How To Optimize Your Design Workflow For A Bamboo Project
By Lucas Schlüter | July 26, 2022 | Design -
Strategic tips to help you optimize your workflow for your bamboo design project.
During the creative process, designing with and for bamboo requires more care and thought than a regular design project. This leads to a variety of approaches each as unique as the bamboo poles themselves; this makes it easy to get lost in the amount of work required throughout the different design phases.
With the help of modern digital design tools and well-known traditional methods, you can control and optimize this process to create your own design workflow for bamboo.
You can break down the bamboo design process into 5 different parts:
- Exploring Your Site
- Imagining Your Idea
- Giving Your Idea A Shape
- Listening To The Bamboo
- Planning Ahead
Exploring Your Site
When you design with bamboo you are automatically designing with and for nature, therefore it is important to understand the site you are working on. By analyzing the terrain, marking plants or trees you want to keep, and by remembering which views you want to highlight, you can gather valuable information for your design.
As you visit the site, keep in mind the way that the weather is affecting the space throughout the different times of the day, month and even year. Study the sun path during these periods to lay out the orientation of your building. Allow sunlight to illuminate your space all the while remembering to protect your structural bamboo members from it and analyze how the wind directions can contribute to natural ventilation inside the building.
This site information lays the foundation for a deeper connection not only with the surroundings but with nature itself, and your design will benefit from it in the next steps of your design development workflow.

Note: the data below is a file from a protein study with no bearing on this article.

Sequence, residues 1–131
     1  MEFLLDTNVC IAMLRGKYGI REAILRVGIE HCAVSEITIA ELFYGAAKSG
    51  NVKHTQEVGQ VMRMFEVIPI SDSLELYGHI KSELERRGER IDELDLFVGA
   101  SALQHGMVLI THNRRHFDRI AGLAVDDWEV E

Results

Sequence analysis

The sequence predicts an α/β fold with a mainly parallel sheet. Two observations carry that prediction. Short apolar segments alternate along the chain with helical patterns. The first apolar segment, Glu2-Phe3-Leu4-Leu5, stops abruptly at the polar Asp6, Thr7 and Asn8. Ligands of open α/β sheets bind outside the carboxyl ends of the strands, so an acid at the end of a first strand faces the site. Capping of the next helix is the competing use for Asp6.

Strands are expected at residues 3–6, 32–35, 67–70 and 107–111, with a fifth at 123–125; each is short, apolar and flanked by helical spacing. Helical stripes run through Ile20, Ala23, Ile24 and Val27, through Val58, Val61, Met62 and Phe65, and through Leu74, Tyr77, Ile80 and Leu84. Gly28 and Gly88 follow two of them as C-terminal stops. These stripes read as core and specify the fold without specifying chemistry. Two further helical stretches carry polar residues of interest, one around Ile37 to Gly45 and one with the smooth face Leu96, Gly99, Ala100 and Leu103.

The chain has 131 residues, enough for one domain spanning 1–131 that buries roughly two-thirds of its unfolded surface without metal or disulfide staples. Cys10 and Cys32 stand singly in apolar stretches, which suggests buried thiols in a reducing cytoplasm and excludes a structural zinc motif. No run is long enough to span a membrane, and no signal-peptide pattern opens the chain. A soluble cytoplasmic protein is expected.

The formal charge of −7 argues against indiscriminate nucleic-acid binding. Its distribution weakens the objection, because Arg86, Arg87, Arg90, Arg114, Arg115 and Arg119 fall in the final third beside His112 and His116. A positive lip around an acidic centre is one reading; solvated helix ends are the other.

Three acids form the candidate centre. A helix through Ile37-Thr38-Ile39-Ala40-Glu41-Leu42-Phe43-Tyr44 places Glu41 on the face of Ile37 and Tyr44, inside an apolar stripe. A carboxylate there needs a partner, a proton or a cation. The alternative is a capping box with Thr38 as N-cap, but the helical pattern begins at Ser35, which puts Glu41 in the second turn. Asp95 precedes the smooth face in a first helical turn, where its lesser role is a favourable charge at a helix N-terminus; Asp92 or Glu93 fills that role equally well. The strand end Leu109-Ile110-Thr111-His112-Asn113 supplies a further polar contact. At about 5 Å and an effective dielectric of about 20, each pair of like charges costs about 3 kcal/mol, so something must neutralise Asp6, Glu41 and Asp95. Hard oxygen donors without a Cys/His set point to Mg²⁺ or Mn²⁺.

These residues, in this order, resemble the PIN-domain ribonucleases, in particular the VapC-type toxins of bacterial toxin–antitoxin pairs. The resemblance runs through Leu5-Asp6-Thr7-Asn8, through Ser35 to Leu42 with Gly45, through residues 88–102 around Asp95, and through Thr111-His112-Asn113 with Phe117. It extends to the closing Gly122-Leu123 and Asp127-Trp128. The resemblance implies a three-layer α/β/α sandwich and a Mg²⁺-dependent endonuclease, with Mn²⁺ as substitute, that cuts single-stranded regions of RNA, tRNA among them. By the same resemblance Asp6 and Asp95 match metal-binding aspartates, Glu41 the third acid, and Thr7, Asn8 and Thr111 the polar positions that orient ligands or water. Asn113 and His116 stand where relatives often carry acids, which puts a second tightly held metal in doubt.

Imagining Your Idea
Just like every other architecture or design project, a bamboo design always starts with a simple sketch. This is the fastest and most intuitive way to bring your first thoughts and ideas to life. Even though these sketches are not precise or detailed, they contain the essence of what your project is about and give a suggestion of what it is eventually going to look like.
Try to create sketches from different points of view on-site and keep the relationship of the bamboo and the surroundings in mind. Try to imagine how the interior will interact with the surrounding landscape and in which way your design can both enhance the site and protect the bamboo simultaneously.
Early design idea sketches not only help you capture, explain your ideas, and organize your spaces, they also help you discover which type of structural system will suit your bamboo design the most early on in your process.
Giving Your Idea A Shape
Once you have gathered all your ideas and started to think about the atmosphere, the zoning and space allocation of your project, it is time to give your bamboo design some shape.
For this step, it is important to figure out which structural system fits best to your idea and the type of design language you want to translate. The beauty of bamboo architecture lies in the honesty of the material and that the structure becomes one of the main design features. For example, grid-shells are a great system for dome shaped buildings whilst post-and-beam structures tend to work best for multi-story buildings. Each system has its own set of requirements that need to be considered early in the design process.